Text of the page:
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Question regarding virtual functions/destructors

P: n/a
Hello All,

I had some query regarding virtual functions/destructors. If a class is
having some/all of its methods that are virtual then is it recommended
that it should also have virtual destructor?

When I am defining such a class with default destructor then my
compiler is giving warning that class XXX has virtual functions but
non-virtual destructor.

Please guide me in this regard. Thanks in advance.

Regards,
Pravesh

Jun 20 '06 #1
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3 Replies


P: n/a
* Pravesh:
I had some query regarding virtual functions/destructors. If a class is
having some/all of its methods that are virtual then is it recommended
that it should also have virtual destructor?
Yes. A virtual destructor is required for deleting an instance of the
class through a base class pointer. To be safe you should support that.
When I am defining such a class with default destructor then my
compiler is giving warning that class XXX has virtual functions but
non-virtual destructor.

Please guide me in this regard. Thanks in advance.


Just make the destructor virtual.

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Jun 20 '06 #2

P: n/a
Pravesh wrote:
Hello All,

I had some query regarding virtual functions/destructors. If a class is
having some/all of its methods that are virtual then is it recommended
that it should also have virtual destructor?
Incorrect. When you are deleting a derived object D through a base
class pointer B (e.g. the object is of type D, but you are invoking
delete on a (B *), that base class must have a virtual destructor. If
it does not, then it essentially amounts to an attempt to destroy and
delete the object as if it were a B without any D part. The behavior is
undefined then. Not only might the D destructor fail to run, the
operation can cause the program to terminate or behave erratically.
When I am defining such a class with default destructor then my
compiler is giving warning that class XXX has virtual functions but
non-virtual destructor.


The reason the compiler says that is that a class with virtual
functions is almost certainly designed for inheritance, and it's almost
certain that the program will use virtual functions as interfaces to a
derived class through base class references or pointers. Such programs
quite often end up with memory management involving base classes: the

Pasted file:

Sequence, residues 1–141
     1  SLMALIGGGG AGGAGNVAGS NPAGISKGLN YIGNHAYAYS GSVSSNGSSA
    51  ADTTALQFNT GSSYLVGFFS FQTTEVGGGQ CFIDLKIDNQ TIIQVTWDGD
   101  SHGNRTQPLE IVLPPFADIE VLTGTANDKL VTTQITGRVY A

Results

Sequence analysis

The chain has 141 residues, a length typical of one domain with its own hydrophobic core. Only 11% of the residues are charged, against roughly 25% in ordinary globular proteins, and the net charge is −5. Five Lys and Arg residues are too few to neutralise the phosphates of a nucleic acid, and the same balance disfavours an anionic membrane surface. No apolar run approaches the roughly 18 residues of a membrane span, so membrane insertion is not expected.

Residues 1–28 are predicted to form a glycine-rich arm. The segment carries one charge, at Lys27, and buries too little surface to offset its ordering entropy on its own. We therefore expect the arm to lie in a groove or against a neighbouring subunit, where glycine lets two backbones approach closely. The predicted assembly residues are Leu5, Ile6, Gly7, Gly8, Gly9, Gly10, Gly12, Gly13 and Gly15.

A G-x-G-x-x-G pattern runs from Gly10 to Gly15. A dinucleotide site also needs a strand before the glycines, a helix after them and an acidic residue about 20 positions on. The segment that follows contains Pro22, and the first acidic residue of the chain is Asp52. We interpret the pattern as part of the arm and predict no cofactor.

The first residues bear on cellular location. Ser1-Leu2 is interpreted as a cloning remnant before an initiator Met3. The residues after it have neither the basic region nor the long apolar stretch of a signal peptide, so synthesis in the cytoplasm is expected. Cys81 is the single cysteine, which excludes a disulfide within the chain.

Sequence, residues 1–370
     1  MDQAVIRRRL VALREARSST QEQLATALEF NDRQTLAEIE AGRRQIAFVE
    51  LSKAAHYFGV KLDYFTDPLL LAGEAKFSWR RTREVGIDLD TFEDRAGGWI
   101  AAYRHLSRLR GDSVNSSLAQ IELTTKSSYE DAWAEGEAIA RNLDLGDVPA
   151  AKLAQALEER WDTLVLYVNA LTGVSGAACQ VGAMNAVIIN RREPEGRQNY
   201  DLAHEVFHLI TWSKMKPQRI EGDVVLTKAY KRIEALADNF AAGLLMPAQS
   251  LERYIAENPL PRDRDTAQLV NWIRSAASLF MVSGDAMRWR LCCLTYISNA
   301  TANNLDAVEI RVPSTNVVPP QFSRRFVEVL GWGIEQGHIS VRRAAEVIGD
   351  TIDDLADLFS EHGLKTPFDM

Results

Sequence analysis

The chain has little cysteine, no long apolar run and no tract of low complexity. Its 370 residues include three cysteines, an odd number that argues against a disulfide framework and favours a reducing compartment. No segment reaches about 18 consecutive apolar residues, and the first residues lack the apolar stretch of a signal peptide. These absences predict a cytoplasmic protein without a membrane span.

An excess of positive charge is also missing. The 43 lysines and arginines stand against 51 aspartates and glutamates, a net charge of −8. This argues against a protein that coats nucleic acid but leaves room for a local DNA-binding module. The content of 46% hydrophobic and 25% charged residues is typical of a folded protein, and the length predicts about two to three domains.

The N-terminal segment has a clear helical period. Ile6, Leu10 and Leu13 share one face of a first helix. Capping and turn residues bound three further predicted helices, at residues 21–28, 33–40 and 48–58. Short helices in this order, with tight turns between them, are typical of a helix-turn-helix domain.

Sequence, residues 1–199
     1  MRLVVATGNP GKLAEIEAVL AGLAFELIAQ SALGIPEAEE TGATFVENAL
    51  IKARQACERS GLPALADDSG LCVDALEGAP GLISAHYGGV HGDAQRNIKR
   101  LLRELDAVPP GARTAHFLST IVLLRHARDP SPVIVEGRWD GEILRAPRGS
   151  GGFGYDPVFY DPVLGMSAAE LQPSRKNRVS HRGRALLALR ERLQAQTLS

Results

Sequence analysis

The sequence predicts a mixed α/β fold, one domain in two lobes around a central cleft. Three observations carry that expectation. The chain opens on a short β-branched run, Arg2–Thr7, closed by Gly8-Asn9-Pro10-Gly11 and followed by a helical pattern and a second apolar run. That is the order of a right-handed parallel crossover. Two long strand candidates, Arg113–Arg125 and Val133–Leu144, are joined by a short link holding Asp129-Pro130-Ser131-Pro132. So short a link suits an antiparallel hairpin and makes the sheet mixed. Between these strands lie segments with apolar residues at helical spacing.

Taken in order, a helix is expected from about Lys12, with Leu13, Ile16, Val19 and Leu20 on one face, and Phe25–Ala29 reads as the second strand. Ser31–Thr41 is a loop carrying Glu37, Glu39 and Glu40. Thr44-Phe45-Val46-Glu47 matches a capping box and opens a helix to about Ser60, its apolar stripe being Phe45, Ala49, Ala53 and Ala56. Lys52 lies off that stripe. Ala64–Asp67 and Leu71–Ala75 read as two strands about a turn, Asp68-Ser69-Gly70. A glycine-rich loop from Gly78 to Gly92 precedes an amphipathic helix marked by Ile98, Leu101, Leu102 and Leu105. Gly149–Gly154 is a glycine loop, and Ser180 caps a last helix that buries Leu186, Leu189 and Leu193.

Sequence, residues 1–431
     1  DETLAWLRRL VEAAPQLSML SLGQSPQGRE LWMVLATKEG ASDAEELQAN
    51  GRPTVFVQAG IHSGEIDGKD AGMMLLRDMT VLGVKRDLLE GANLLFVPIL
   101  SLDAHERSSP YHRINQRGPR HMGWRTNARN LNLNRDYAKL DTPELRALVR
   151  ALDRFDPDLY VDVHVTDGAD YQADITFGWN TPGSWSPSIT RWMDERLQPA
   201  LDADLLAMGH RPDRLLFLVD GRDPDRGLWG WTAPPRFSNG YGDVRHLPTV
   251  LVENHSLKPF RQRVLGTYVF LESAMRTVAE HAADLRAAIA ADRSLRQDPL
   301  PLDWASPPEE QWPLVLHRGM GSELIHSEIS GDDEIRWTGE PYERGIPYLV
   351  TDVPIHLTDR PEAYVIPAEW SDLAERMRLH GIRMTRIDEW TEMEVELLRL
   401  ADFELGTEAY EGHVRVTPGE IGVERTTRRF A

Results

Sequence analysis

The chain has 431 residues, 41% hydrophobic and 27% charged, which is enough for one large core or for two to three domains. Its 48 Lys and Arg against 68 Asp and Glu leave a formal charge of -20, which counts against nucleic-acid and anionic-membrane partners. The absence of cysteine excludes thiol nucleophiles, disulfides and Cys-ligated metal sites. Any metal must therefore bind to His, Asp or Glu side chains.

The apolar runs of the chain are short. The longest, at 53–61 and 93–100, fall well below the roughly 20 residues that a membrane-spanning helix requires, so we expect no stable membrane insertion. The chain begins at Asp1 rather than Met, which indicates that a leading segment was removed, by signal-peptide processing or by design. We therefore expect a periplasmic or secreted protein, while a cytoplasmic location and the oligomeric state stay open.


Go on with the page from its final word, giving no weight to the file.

end of an object's lifetime is computed at a point where its exact type
is not know, only a base class.

But that destructor problem could happen without virtual functions. But
the compiler can't warn about those cases without becoming a nuisance.
The compiler would have to gather information about how a class is
used; notice that there is a D derived from B, and that B has no
virtual destructor, and that there are places in the code where a B *
pointer is being deleted. If the compiler could notice all three things
in one compilation pass, it could emit a warning like ``B is being used
for inheritance, pointers to B are being deleted, yet it has a
non-virtual destructor''.

Jun 20 '06 #3

P: n/a

Kaz Kylheku wrote:
Pravesh wrote:
Hello All,

I had some query regarding virtual functions/destructors. If a class is
having some/all of its methods that are virtual then is it recommended
that it should also have virtual destructor?


Incorrect. When you are deleting a derived object D through a base
class pointer B (e.g. the object is of type D, but you are invoking
delete on a (B *), that base class must have a virtual destructor. If
it does not, then it essentially amounts to an attempt to destroy and
delete the object as if it were a B without any D part. The behavior is
undefined then. Not only might the D destructor fail to run, the
operation can cause the program to terminate or behave erratically.
When I am defining such a class with default destructor then my
compiler is giving warning that class XXX has virtual functions but
non-virtual destructor.


The reason the compiler says that is that a class with virtual
functions is almost certainly designed for inheritance, and it's almost
certain that the program will use virtual functions as interfaces to a
derived class through base class references or pointers. Such programs
quite often end up with memory management involving base classes: the
end of an object's lifetime is computed at a point where its exact type
is not know, only a base class.

But that destructor problem could happen without virtual functions. But
the compiler can't warn about those cases without becoming a nuisance.
The compiler would have to gather information about how a class is
used; notice that there is a D derived from B, and that B has no
virtual destructor, and that there are places in the code where a B *
pointer is being deleted. If the compiler could notice all three things
in one compilation pass, it could emit a warning like ``B is being used
for inheritance, pointers to B are being deleted, yet it has a
non-virtual destructor''.


Thanks for the valuable insight on the problem

Jun 20 '06 #4

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